The majority of Pier 94 was Art Deco and Art Moderne merchandise. Annandale, Va., dealer Past Pleasure Moderne had a room setting of chrome and cushioned furniture with the appropriate 1930s accessories. Preview, Del Ray Beach, Fla., had a room from the 1960s, including a lamp made from a long section of chrome pipe curved into a semicircle about six feet in diameter with a chrome ball housing a light bulb.
Depression Modern, a New York City dealer, had both a living room and dining room setting of wood and upholstered pieces from the first half of the Twentieth Century. A similar look was offered by Paul Johnson Art and Design, New York City. And Lunatiques from White Plains, N.Y., had a kitchen set of molded plastic.
Pier 94 also featured numerous dealers offering personal rdf_Descriptions, including vintage Twentieth Century glass and pottery, jewelry and a dealer of early radios and lawn sprinklers.
Pier 92 has been described by Stella as “classic antiques.” There were Virginia and Patrick Renschen, Middletown, Conn., with silver and early glass. In their collection was a “supper dish,” as Pat Renschen called it, silver plate lazy Susan with dishes on the outside and a center bowl priced at $2,000. Nineteenth Century was the focus of Steve and Lisa Fisch’s booth. One of their key pieces was a wooden dentist’s work top cabinet.
D&D Antiques of Ridgefield, Conn., had a case filled to overflowing with Staffordshire figurines. Harborview Antiques, Greenwich, Conn., had a huge collection of pillows made from vintage fabrics as well as early furniture. Duomo Antiques brought a campaign-style chest of drawers from its Carversville, Penn., home. A combination of French country and provincial, along with American country accessories, was offered by Brunswick, Maine, dealer Days Antiques.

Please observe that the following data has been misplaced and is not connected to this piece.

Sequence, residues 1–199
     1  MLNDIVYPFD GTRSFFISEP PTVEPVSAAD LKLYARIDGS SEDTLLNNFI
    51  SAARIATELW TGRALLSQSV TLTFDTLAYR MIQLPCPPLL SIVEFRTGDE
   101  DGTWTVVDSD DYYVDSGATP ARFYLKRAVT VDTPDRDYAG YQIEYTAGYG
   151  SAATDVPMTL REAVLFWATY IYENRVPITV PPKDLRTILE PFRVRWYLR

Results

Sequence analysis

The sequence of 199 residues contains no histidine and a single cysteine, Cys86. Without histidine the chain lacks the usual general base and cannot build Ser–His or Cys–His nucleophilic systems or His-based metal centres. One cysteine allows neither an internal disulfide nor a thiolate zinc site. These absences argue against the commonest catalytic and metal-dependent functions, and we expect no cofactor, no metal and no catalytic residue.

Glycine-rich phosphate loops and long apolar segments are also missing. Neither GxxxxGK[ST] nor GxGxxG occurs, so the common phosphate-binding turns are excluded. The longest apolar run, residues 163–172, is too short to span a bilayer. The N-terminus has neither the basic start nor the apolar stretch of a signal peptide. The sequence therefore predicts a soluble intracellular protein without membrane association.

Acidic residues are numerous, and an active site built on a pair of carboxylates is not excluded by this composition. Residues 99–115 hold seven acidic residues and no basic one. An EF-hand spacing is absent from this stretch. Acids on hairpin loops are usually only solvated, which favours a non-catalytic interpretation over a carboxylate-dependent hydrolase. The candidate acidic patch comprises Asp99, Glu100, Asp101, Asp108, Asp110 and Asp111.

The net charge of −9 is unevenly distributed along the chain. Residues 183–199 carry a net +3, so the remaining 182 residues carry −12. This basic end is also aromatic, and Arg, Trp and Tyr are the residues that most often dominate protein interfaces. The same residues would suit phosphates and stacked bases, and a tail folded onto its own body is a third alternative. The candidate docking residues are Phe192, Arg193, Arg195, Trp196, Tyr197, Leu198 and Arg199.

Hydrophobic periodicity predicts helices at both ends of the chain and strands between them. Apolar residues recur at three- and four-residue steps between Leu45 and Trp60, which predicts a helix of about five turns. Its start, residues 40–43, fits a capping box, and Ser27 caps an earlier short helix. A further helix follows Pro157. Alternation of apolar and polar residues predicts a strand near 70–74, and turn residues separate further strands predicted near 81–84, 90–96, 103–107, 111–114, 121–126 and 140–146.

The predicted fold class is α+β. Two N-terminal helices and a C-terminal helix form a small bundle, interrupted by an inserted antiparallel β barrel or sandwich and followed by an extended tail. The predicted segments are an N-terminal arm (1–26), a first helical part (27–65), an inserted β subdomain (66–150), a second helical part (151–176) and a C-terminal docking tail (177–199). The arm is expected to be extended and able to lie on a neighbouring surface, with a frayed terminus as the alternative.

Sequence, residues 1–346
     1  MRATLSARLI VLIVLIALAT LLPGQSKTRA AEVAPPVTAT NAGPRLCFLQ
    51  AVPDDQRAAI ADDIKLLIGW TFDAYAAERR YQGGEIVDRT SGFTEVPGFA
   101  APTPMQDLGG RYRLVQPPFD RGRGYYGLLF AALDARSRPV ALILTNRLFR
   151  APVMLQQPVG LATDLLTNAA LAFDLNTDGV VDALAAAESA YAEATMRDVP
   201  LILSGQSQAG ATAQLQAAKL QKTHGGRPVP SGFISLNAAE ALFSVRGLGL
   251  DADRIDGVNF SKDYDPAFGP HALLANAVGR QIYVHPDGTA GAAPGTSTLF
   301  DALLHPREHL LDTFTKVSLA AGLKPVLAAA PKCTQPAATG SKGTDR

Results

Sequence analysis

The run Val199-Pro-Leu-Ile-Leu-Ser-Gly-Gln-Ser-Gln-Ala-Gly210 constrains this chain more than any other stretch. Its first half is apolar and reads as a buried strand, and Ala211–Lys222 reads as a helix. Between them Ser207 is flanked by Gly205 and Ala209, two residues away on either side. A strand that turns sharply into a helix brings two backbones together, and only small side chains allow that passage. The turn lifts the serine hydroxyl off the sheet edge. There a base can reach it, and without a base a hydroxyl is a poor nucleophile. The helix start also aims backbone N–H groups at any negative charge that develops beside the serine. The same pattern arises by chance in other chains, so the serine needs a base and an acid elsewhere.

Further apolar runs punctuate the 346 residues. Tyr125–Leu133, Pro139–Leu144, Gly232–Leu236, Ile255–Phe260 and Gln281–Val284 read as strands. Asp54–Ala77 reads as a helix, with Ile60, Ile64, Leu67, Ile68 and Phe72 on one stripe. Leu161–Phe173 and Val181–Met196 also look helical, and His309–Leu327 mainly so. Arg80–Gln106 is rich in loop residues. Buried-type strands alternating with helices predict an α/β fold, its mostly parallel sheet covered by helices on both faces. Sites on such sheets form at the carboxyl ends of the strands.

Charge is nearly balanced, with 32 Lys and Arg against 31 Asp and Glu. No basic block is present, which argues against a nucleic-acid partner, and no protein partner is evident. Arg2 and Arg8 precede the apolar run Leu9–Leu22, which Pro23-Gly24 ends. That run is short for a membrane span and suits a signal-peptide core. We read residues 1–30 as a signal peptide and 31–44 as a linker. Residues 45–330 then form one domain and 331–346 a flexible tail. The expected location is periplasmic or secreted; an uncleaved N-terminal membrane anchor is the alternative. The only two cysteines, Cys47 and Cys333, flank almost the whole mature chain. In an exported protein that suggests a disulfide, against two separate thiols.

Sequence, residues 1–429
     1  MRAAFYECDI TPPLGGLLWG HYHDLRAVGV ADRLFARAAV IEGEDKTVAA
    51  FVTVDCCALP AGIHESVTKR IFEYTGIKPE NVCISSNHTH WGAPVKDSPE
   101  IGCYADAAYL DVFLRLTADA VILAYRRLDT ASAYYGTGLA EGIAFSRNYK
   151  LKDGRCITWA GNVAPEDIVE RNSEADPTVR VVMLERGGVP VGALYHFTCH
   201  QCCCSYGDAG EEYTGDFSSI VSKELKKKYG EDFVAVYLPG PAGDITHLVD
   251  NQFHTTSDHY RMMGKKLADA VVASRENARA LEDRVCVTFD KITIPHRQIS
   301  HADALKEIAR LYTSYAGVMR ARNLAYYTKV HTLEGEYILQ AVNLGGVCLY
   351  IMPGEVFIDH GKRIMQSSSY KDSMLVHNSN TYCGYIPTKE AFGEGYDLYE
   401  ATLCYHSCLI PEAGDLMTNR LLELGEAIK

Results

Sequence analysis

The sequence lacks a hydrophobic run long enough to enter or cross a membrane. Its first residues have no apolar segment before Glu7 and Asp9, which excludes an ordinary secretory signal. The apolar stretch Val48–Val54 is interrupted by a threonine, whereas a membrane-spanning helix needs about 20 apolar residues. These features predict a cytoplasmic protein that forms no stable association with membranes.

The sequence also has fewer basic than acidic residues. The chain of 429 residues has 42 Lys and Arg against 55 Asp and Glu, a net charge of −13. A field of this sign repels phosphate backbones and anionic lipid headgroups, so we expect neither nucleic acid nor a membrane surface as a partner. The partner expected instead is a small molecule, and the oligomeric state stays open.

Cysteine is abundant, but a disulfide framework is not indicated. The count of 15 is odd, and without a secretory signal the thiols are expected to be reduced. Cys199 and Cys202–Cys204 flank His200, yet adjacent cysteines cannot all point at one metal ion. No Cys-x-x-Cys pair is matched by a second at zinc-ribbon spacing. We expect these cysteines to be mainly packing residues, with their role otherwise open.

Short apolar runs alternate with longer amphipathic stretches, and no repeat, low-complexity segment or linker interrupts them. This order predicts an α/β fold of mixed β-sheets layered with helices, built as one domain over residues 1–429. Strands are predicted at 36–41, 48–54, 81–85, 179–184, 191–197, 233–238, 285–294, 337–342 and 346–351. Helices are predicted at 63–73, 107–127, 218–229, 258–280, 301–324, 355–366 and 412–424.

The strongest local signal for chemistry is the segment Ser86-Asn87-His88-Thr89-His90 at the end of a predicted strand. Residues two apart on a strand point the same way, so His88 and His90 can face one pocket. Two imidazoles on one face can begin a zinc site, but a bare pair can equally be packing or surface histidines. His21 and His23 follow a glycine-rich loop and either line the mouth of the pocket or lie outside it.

Joan Bogart has been at the piers for most of the show’s 20-year history. This time she was suffering with the flu during setup, but still she recalled having “the strongest spring I have ever had in the building. I sold mostly garden stuff, but also a chandelier and accessories.”
Mary Stasik of Darien, Conn., offered an outsider art piece that had been decorating a wall in the children’s section of a Norwich, Conn., hospital for $1,800. Firehouse Antiques, Galena, Md., seemed to offer mostly vintage outdoor furniture, while Bob Withington had a very formal collection from his York, Maine, shop. New Jersey dealer Susan Oostdyk specializes in antique and vintage French linens, which she offered together with indoor wicker furniture.
Kristen Nerbecki, daughter of dealers Grozio Antiques, Wilkes Barre, Penn., was seen testing an early shoeshine chair. New York dealer Michael Ward offered Mission furniture, store fixtures and workbenches in his space. Otto and Susan Hart, Arlington, Vt., had a five-foot-tall knockdown dummy, which Susan Hart said came from Coney Island.
There is always great variety at the piers, and there was a lot of competition in rugs, English porcelain, traditional early American furniture and accessories.
The next pier show will be in the fall on two consecutive weeks – November 13-14 and 20-21. Each week is a different show, not simply the same dealers with the same stuff.
For information, 212-255-0020 or .
5 Church Hill Road / Newtown, CT 06470
Mon - Fri / 8:00 am - 5:01 pm